8
Dec

8 DECEMBER 1542

   Posted by: Michael   in Events in History

Birth of Mary Stewart, Queen of Scots, at Linlithgow Linlithgow_Palace (D Preis)Palace.  She was the daughter of James V, king of Scots, and Mary of Guise and their only surviving child.  Her father died just six days after her birth.

Mary was executed on 8 February 1587 in the great hall of Fotheringhay.

(Photograph of Linlithgow Palace © Dorothea Preis)

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6
Dec

6 DECEMBER 1421

   Posted by: Michael   in Events in History

Birth of Henry VI of England at Windsor

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28
Nov

28 NOVEMBER 1499

   Posted by: Michael   in Events in History

Edward, Earl of Warwick, son of George Duke of Clarence and Isabel Neville, is beheaded on Tower Green.  He was the last legitimate male of the House of Plantagenet.

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25
Nov

25 NOVEMBER 1487

   Posted by: Michael   in Events in History

Coronation of Elizabeth of York

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24
Nov

December Branch Meeting

   Posted by: Leslie McCawley   in Branch News, Meetings, News

Our December Branch Meeting will take place on 8 December 2018 at 2 pm at the Sydney Mechanics’ School of Arts, 280 Pitt Street, CBD (for a map go to our Upcoming Events page).

Our featured speaker for the last meeting of the year will be our own long-time branch member and long-serving executive committee member, Lynne Foley, who will give a presentation on some of the more colourful Christmas customs of the Ricardian era.

Please join us for this festive time of year!

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23
Nov

23 NOVEMBER 1511

   Posted by: Dorothea Preis   in Events in History

Death of Anne of York, the seventh child and fifth daughter of Edward IV and Elizabeth Woodville.  She shares her death date with her aunt Margaret, duchess of Burgundy, and – if Perkin Warbeck was indeed Richard of York – her brother.

Anne was born on 2 November 1475.  At not quite four years of age, she was betrothed to Philip (“the Handsome”),  the son of Mary of Burgundy (her aunt’s step-daughter) and Maximilian of Austria.  However, the plan was abandoned in 1482.  Richard III undertook to find a suitable marriage for her (and her sisters) and after Richard’s death she took part in ceremonies at Henry VII court, whose queen was her sister Elizabeth.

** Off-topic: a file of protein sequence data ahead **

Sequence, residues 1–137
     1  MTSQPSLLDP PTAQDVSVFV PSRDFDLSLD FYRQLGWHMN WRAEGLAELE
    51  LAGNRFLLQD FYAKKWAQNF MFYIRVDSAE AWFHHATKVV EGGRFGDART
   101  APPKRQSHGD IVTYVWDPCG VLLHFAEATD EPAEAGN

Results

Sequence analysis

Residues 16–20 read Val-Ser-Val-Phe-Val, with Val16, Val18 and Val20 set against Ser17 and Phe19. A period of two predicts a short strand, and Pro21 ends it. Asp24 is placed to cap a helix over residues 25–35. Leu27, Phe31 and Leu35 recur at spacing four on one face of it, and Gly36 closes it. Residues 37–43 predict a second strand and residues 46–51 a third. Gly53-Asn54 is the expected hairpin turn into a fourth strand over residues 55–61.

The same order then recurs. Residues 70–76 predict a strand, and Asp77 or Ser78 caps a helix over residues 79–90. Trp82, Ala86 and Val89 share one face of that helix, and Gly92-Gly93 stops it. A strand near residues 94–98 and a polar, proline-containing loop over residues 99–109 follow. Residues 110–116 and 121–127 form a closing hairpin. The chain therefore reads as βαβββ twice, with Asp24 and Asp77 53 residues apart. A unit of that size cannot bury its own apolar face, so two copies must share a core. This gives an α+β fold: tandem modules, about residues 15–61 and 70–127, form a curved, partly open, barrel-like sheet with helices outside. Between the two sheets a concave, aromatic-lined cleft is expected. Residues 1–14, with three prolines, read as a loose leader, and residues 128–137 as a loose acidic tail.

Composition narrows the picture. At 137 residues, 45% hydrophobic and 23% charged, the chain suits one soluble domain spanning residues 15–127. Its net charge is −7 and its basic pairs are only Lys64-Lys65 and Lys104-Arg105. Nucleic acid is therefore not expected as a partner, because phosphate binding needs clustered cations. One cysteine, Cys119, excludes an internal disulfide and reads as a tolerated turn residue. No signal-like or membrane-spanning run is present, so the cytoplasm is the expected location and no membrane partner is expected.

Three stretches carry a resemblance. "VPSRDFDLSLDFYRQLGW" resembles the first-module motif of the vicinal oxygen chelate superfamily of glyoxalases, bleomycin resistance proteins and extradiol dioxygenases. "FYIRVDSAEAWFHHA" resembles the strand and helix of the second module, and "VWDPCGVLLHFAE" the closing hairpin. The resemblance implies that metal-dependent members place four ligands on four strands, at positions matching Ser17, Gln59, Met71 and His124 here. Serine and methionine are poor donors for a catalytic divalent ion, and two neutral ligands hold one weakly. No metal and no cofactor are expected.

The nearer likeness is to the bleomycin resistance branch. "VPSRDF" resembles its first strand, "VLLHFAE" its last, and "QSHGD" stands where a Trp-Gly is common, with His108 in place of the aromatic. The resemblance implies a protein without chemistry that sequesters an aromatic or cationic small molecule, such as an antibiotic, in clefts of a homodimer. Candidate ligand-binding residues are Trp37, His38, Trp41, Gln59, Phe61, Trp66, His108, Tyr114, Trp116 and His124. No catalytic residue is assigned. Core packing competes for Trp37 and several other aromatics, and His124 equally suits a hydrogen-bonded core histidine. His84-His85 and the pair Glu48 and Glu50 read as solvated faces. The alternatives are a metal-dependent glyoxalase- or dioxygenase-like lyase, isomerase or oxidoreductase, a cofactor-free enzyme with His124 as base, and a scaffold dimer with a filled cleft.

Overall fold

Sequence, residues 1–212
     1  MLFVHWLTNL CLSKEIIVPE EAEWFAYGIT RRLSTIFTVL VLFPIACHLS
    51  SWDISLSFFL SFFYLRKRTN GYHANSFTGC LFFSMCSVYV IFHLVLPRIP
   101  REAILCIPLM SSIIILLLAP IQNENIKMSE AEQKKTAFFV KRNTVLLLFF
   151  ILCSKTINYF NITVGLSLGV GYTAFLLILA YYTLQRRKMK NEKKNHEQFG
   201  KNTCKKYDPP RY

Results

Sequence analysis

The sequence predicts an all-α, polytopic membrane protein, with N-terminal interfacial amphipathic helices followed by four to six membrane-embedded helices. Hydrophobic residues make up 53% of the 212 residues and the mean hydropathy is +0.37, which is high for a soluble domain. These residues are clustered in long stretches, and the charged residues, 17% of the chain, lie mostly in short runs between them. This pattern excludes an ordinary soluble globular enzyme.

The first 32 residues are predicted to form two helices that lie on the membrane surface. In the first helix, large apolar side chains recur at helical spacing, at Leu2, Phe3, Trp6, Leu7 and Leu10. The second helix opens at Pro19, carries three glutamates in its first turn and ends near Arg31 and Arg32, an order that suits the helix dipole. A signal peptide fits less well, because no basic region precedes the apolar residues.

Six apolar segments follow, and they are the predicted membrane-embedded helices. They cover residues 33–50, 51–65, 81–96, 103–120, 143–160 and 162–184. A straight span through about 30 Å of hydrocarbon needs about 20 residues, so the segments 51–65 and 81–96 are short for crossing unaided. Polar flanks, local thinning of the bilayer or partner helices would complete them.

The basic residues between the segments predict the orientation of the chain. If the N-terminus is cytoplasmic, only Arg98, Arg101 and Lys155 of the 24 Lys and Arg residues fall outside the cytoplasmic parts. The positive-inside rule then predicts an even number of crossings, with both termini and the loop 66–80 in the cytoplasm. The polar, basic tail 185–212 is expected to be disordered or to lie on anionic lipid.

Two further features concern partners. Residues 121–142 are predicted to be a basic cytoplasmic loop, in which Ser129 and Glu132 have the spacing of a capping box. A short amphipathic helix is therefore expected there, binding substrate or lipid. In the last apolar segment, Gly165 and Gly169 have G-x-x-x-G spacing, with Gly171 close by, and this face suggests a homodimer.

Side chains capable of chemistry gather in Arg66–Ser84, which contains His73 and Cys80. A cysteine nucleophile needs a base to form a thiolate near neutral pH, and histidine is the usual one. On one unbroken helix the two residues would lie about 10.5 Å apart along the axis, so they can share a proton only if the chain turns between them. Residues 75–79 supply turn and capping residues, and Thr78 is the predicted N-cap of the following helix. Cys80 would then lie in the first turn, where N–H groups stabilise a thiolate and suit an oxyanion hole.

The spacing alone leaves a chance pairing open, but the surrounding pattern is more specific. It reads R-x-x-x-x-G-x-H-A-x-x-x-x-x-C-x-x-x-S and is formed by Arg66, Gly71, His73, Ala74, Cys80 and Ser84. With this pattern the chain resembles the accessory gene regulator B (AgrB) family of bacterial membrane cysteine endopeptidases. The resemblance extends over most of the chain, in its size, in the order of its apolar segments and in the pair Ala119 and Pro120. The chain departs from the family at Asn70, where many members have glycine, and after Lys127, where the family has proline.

On 4 February 1495 she married Thomas Howard, who would eventually become the third duke of Norfolk.  He was the grandson of John Howard, an important supporter of Richard III.  John fell at the battle of Bosworth, fighting for Richard.  His son, Thomas (the father of Anne’s Thomas), had also fought for Richard, had been attainted, but managed to be restored to his title.  His son’s marriage to a sister-in-law of Henry Tudor was obviously a great achievement in his family’s rehabilitation.  Anne and Thomas had no children.

Reference: ODNB on ‘Howard, Thomas, third duke of Norfolk (1473–1554)’

The above picture shows the daughters of Edward IV and Elizabeth Woodville in a window in Canterbury Cathedral.  Anne is the third from left. (picture obtained through Wikimedia Commons)

Dorothea Preis

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23
Nov

23 NOVEMBER 1503

   Posted by: Michael   in Events in History

Margaret of York, Duchess of Burgundy, dies at Malines.  She was a sister of Edward IV and Richard III.  After Richard’s death she supported the Yorkist pretenders.  She was on very good terms with her husband’s daughter and her family and had a successful and positive influence on Burgundian politics.  She was a patron of William Caxton, who introduced the printing press to England.

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23
Nov

23 NOVEMBER 1499

   Posted by: Michael   in Events in History

A young man identified by the Tudors as Perkin Warbeck, who claimed to be Richard of York, the younger son of Edward IV and Elizabeth Woodville, is executed for treason at the Tower.